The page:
SAMUEL Ingalls, the youngest son of Edmund, also removed from Lynn to Ipswich, where he bought a farm in 1655. At this time his brother Henry had already removed to Andover. In 1656 Samuel married Ruth Eaton, and by her he had five sons and four daughters.
The farm that Samuel Ingalls acquired, upon which he lived during the remainder of his life, was in the second parish of Ipswich, that was then known as Chebacco, and in 1819 was set off as the town of Essex. His farm appears to have been right on the line between Ipswich and Gloucester, indeed overlapping into Gloucester. I have not identified its location any more closely.
In the county records Samuel Ingalls as a young man appears several times as having been "presented," i.e., brought up on charges of misdemeanor and reprimanded or fined. Once he was charged with having been profane. Another time with "taking tobacco," i.e., having a smoke, on a Sunday. He seems to have been a "regular fellow."
However, as he matured he became more sober and in 1673 he was admitted into the church. Previously he had become a soldier and he served along with the other Ipswich men in King Philip's war, experiencing great hardship in that campaign. Maintaining his interest in things military he became the lieutenant of the Ipswich Horse, a famous troop in the Essex regiment, which performed service in protecting the Merrimac valley. against Indian raids in the '90s. Also he served as a selectman of his town and for several terms as its representative in the General Court.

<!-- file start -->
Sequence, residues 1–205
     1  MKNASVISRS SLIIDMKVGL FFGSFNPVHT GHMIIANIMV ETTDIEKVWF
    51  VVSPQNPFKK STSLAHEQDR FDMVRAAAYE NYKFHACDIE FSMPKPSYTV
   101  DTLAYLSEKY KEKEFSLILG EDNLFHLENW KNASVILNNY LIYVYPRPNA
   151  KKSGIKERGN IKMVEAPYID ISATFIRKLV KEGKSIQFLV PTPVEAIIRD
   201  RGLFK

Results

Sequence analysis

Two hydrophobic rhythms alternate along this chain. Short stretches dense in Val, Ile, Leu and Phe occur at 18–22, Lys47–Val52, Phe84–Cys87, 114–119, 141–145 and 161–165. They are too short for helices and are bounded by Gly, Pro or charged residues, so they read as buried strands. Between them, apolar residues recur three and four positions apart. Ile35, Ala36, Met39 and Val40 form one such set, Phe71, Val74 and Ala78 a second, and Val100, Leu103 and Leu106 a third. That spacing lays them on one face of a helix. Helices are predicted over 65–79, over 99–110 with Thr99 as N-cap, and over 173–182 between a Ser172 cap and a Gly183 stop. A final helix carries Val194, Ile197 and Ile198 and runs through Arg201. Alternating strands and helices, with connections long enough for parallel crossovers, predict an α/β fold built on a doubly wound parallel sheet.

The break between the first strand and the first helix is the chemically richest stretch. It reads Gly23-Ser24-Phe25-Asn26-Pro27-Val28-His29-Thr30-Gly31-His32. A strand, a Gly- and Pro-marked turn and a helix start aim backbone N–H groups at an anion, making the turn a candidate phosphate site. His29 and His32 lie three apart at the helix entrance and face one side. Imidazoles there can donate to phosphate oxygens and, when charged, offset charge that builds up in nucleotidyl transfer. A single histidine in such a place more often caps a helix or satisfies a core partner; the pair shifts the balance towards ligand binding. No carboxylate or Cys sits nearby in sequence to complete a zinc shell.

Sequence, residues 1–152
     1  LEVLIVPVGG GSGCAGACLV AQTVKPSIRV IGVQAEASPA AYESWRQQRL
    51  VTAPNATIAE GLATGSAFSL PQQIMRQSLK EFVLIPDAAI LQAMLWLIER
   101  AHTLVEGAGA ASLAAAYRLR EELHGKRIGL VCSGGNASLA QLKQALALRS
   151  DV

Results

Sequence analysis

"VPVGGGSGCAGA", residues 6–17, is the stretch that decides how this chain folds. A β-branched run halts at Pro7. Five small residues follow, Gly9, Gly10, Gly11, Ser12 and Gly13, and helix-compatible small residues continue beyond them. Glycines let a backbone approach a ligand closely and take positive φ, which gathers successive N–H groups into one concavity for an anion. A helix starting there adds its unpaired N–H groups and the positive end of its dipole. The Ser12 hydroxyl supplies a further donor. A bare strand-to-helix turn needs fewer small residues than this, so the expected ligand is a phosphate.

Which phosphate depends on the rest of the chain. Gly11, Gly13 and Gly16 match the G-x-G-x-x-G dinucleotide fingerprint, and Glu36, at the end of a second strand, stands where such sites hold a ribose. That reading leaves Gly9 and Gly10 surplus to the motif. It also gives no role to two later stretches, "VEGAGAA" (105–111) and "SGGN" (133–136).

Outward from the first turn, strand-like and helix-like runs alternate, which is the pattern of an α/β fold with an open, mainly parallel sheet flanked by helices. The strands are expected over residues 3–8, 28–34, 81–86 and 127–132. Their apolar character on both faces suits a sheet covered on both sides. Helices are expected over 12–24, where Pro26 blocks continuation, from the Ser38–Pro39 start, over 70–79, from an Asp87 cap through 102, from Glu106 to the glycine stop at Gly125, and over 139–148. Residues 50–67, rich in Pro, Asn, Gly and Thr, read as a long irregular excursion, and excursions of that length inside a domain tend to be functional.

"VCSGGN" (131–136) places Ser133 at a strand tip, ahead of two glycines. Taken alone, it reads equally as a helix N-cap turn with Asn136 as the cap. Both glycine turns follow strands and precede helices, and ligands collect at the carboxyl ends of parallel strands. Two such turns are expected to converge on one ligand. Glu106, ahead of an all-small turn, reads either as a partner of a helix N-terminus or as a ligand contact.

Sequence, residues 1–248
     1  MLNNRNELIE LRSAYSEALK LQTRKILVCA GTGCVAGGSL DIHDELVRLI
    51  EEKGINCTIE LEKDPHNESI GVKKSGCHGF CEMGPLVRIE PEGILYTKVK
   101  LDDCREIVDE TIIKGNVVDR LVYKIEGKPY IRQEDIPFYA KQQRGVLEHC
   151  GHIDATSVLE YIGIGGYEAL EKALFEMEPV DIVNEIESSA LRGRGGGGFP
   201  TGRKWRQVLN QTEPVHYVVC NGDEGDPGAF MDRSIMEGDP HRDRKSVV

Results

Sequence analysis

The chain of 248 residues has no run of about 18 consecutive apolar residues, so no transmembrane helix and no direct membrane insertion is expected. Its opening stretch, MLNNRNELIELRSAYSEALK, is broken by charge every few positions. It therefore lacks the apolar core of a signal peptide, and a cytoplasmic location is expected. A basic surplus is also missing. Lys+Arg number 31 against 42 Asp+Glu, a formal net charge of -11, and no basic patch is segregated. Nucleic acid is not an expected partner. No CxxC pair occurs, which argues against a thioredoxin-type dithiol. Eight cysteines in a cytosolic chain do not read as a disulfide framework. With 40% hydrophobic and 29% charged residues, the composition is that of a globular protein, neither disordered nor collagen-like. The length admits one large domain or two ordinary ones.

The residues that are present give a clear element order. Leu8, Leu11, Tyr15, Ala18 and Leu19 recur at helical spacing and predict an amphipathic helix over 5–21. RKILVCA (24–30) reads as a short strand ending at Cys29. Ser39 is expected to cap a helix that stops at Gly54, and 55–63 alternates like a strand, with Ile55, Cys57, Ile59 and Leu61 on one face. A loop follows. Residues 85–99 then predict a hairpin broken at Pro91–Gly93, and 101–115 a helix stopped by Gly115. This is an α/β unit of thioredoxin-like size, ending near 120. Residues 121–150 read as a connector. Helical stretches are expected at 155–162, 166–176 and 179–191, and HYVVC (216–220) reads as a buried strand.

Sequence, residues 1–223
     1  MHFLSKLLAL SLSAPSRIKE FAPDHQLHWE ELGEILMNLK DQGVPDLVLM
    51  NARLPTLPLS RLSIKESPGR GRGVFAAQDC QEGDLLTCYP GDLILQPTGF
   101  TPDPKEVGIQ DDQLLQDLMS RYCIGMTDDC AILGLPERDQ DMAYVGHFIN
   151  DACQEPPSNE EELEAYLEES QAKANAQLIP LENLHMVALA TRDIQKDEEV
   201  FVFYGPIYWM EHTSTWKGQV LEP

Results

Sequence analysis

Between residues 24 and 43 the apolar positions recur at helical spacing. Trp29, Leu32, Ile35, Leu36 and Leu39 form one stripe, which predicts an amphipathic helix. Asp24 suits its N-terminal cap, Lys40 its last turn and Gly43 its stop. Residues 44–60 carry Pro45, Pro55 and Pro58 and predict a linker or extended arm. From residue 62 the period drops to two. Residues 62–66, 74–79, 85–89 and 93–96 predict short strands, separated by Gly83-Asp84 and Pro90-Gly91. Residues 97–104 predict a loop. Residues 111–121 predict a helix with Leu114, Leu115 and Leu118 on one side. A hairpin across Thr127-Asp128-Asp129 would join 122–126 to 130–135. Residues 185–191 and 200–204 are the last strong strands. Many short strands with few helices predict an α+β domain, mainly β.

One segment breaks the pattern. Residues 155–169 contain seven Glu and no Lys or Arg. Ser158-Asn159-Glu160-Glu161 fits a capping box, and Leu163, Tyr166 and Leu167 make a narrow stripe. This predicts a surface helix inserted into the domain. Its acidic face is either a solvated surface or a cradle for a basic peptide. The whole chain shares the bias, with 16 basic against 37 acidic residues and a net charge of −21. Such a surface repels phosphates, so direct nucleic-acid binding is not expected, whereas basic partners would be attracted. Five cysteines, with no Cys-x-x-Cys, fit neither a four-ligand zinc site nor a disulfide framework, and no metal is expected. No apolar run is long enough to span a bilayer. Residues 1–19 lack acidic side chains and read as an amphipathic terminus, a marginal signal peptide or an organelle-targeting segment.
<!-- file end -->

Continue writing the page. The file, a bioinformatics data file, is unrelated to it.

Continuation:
In his will (1716) he bequeathed to his sons his sword and his carbine, his bible, and the great chair in which he used to sit. This old farmer and cavalryman seems to have been a picturesque figure, reminding us of one of Cromwell's Ironsides.
Samuel Ingalls had four sons who lived to maturity, but of them only Joseph is of record as having posterity and it seems certain that the other three either did not marry or if so had no children. Joseph, who was born in Ipswich was a housewright, or builder, in Gloucester where he died in 1724, leaving a substantial estate. It may be remarked that the part of Ipswich where Samuel Ingalls had his farm was in fact nearer to the village of Gloucester than to the village of Ipswich. With the former town, therefore, the Ingalls family has not been so closely identified as with Andover, although Samuel lived within its limits from 1655 to 1717. His son Joseph had two sons, Samuel and John. Both of them were born in Ipswich and lived there. Samuel received from the state grants of land in Buxton, Me., and Winchendon Mass., in consideration of the military services of his grandfather, Samuel, and his uncle, Edmund; but he does not appear to have occupied either of them. He was living in Ipswich as late as 1737 and probably continued to do so. He was married and had children, but does not appear to have had male posterity.
John (Joseph3 Samuel2) moved from Ipswich to Dunstable in 1760, and the name continued in the latter place for about 100 years subsequently. In the sixth generation this branch of the family scattered widely, but some of the name who have lived in Tyngsboro, Dracut, Lowell and Nashua, places near Dunstable, thus trace their descent.
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